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"Lewis Avenue"  a poem by Gregory Crosby

Lewis Avenue


Everything fades except its representation.
I’m a river of gin flowing in search of a still, sour ocean of tonic.
Someone is asleep on the long shot.
The homeless are secure in their homeland.
I am so far from home that I am home.
Wherever my hat is, is (that’s why I wear it).

Across the way, the Duke in his fur collar breaks the spine of a paperback.
The Patriot beneath his star-spangled bandanna cradles a burning Parliament.
St. Jerome annotates his Bible in between sips from forty days, forty nights.
In stained red sweatpants, the Wandering Jew holds forth his coffee cup, as if in search
of the Wandering Waitress.
Salieri contorts his nut-brown face and conducts his crushed can oratorio.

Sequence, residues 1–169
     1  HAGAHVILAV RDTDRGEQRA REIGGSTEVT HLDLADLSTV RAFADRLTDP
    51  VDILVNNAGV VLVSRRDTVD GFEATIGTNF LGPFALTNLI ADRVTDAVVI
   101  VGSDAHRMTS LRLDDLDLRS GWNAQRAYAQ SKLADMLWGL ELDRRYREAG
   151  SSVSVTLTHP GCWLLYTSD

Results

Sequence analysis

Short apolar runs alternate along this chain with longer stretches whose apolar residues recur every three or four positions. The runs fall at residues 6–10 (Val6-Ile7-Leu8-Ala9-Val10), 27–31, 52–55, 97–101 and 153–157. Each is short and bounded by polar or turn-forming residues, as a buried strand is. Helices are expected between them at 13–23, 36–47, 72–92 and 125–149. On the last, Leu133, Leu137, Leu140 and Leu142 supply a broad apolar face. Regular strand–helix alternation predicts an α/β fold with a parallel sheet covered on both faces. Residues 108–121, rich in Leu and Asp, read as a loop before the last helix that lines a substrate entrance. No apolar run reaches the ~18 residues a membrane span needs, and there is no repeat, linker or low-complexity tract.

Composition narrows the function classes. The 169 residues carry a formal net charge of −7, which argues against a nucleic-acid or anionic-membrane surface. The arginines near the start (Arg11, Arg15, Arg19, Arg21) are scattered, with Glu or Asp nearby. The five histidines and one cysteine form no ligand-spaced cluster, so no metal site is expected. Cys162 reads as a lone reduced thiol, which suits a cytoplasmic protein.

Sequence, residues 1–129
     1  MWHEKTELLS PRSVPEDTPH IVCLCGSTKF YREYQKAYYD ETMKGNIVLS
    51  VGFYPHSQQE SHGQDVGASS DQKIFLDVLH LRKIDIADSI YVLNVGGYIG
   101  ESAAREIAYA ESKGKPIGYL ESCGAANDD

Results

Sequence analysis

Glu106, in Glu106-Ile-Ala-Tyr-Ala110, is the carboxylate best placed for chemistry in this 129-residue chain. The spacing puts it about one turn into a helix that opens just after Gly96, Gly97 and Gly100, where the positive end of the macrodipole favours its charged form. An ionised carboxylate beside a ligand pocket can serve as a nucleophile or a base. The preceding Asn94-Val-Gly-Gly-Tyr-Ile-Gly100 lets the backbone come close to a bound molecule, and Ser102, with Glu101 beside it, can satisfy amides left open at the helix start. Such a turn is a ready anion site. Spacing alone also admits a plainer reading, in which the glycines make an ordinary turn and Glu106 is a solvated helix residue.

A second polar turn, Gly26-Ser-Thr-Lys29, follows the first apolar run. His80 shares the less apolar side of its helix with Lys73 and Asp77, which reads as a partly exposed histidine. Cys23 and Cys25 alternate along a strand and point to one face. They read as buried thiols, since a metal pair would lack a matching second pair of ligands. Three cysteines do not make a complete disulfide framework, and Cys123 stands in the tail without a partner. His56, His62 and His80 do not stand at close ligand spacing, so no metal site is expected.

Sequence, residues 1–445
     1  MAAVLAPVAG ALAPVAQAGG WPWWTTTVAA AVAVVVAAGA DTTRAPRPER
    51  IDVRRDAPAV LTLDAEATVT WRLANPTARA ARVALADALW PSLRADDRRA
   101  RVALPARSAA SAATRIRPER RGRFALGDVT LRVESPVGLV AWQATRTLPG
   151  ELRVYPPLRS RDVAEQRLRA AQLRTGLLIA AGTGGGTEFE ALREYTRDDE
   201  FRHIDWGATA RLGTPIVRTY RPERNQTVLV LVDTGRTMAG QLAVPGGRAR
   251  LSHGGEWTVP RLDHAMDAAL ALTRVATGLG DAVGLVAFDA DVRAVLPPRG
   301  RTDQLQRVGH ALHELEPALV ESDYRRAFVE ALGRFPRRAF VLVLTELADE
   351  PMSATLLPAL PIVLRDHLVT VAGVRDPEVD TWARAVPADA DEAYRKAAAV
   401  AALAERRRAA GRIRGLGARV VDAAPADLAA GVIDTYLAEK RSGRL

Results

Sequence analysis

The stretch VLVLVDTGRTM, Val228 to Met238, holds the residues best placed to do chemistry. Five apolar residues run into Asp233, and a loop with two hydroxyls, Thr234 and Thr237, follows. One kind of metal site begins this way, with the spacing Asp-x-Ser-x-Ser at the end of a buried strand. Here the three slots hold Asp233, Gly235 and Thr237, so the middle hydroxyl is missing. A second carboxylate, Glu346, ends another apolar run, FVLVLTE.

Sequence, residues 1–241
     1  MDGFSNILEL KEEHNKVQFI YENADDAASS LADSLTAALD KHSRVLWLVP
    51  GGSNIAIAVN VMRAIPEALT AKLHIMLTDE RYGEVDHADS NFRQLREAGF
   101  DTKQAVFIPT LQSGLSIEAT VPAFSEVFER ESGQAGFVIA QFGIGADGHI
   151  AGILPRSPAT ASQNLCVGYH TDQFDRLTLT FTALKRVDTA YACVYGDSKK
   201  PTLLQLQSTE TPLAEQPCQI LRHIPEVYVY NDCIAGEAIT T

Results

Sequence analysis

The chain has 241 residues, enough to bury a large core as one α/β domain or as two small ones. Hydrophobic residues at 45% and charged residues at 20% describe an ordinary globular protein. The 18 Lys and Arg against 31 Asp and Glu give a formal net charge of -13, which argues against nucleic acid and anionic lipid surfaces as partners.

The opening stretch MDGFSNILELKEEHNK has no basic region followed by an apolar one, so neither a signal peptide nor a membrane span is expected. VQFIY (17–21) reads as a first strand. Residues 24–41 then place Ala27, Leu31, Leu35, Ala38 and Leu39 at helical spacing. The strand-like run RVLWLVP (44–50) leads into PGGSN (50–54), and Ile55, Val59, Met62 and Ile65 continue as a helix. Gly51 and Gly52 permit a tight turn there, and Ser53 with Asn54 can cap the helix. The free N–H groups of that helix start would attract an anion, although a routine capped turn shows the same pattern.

Virginia Dare draws her knees to her chin, huddled against the chill of sunlight.
In the stone’s throw, the bankrupts sort their failures, vendors setting out their wares.
The parade passes in honor of suits, sack lunches.
Here and there, a silent messenger.

The courthouse is a miracle.

I am down to a sunless sea. I am calm, and out of order.
Yes, and you’re out of order, and you’re out of order.
We’re all out of order.

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Who else did they think would sit here when they built it?

Every waiting room is painted robin’s egg blue.
Have you ever seen a robin’s egg?
You’ll have to take my word for it.

It’s the middle of the day.
It’s home.
Here comes the judge.

(Previously published in Unshod Quills;

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